Shooting at extremely long distances can be so rewarding when you hit the target, mainly because it’s so difficult to do so. Anyone who’s tried hitting something at 600+ yards knows that it isn’t as simple as pointing and shooting. There’s a lot of patience involved, skill required, and knowledge to collect before you can finally pull the trigger.
Snipers will attest that long-range shooting requires a lot more training than you might consider. However, it isn’t an impossible skill for civilians. While you don’t need to camouflage yourself the way they do or buy a custom rifle or handgun; by focusing on yourself, developing the proper skills, and getting the right gear, you can hit a target significantly further away than you might think you could.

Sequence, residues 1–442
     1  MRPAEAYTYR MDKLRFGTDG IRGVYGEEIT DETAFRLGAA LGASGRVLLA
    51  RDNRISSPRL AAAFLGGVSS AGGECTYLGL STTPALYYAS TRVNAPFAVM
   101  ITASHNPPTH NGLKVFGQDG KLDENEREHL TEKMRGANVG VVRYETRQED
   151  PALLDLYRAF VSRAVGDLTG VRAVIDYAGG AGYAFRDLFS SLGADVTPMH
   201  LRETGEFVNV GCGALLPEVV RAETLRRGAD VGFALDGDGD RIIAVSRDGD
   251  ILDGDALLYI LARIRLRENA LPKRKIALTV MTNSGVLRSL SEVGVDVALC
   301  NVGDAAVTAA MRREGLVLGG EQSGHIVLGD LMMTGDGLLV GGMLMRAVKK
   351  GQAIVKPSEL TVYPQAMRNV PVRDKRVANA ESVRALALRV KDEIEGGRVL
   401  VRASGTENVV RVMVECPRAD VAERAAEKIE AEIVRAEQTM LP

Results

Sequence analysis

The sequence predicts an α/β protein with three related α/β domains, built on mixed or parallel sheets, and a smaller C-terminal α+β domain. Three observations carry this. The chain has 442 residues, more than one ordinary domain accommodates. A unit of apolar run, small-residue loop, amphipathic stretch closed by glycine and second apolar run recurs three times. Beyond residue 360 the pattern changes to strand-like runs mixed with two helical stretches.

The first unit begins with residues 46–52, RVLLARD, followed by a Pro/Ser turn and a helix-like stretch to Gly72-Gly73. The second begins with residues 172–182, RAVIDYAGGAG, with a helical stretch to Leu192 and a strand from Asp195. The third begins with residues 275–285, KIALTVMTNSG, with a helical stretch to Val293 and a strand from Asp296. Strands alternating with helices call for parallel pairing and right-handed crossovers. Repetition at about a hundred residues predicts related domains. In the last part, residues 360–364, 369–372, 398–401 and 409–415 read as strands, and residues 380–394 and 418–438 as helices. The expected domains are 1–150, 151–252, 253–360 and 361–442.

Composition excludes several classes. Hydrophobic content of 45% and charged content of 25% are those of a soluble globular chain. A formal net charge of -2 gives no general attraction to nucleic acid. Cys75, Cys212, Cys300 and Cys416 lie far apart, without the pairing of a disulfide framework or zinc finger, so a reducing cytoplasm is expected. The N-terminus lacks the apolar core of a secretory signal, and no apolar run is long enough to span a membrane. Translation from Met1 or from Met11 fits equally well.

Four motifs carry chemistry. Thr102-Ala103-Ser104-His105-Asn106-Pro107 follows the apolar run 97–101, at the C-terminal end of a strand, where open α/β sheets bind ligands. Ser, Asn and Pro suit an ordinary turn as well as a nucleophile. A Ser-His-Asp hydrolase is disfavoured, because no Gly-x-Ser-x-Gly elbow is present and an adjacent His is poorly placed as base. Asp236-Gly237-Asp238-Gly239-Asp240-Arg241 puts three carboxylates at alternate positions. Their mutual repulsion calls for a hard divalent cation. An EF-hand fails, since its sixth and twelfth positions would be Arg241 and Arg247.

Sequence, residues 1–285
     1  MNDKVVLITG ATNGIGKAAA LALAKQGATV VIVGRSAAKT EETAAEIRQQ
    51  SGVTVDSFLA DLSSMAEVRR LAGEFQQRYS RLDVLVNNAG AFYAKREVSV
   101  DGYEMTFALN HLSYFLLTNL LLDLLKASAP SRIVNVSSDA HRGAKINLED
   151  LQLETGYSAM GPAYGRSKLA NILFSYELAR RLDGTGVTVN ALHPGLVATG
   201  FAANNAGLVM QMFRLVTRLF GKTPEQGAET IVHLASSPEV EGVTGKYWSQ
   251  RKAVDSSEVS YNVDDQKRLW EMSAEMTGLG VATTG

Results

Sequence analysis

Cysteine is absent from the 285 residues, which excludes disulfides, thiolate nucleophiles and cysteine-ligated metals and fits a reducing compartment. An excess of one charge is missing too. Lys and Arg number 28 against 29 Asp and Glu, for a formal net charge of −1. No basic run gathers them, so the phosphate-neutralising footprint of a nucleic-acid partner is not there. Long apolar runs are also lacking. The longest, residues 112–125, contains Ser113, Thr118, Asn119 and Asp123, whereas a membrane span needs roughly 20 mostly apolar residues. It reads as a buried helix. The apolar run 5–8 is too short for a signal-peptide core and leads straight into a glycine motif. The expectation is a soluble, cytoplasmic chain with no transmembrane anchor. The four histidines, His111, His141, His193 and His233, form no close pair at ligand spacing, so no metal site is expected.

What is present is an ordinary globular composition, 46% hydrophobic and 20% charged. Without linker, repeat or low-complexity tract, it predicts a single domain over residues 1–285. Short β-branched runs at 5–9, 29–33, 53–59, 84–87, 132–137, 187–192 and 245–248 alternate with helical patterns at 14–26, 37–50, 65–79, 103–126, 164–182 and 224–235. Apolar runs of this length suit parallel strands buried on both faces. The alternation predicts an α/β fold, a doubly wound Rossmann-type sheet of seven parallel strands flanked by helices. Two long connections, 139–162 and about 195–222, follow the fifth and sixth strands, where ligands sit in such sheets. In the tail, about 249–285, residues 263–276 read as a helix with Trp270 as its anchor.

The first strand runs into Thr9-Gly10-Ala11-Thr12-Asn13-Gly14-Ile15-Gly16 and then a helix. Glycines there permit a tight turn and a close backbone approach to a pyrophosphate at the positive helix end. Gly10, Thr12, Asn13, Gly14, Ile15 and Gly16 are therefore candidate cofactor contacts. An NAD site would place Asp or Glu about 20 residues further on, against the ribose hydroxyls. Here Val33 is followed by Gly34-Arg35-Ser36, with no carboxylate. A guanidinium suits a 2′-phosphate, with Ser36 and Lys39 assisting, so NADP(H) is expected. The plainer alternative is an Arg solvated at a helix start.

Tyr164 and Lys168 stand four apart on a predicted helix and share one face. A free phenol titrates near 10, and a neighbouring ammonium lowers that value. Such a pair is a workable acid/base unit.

Tips for Hitting the Bullseye
Hitting a long-range bullseye takes a lot of calm, steady focus. Hunters need to be completely in tune with their rifle and able to predict how their bullet will fly through the air and where it will end up.
How do you do this?
Pay attention to nearly every element around you and learn from it. With experience comes confidence that you can listen to your surroundings and set yourself up for the perfect shot, even at a long distance.
Record and Collect Shot Information
Every time you shoot your rifle, keep track of every aspect. How much you hit (or missed) your target by, how much the wind was blowing at the time, how much recoil you experienced and in what direction, and what your zero was.
This all seems tedious, but you learn a great deal by studying every shot you take. The idea is to know absolutely everything about how your rifle and ammunition react under any circumstance so that you anticipate and prepare your shot perfectly.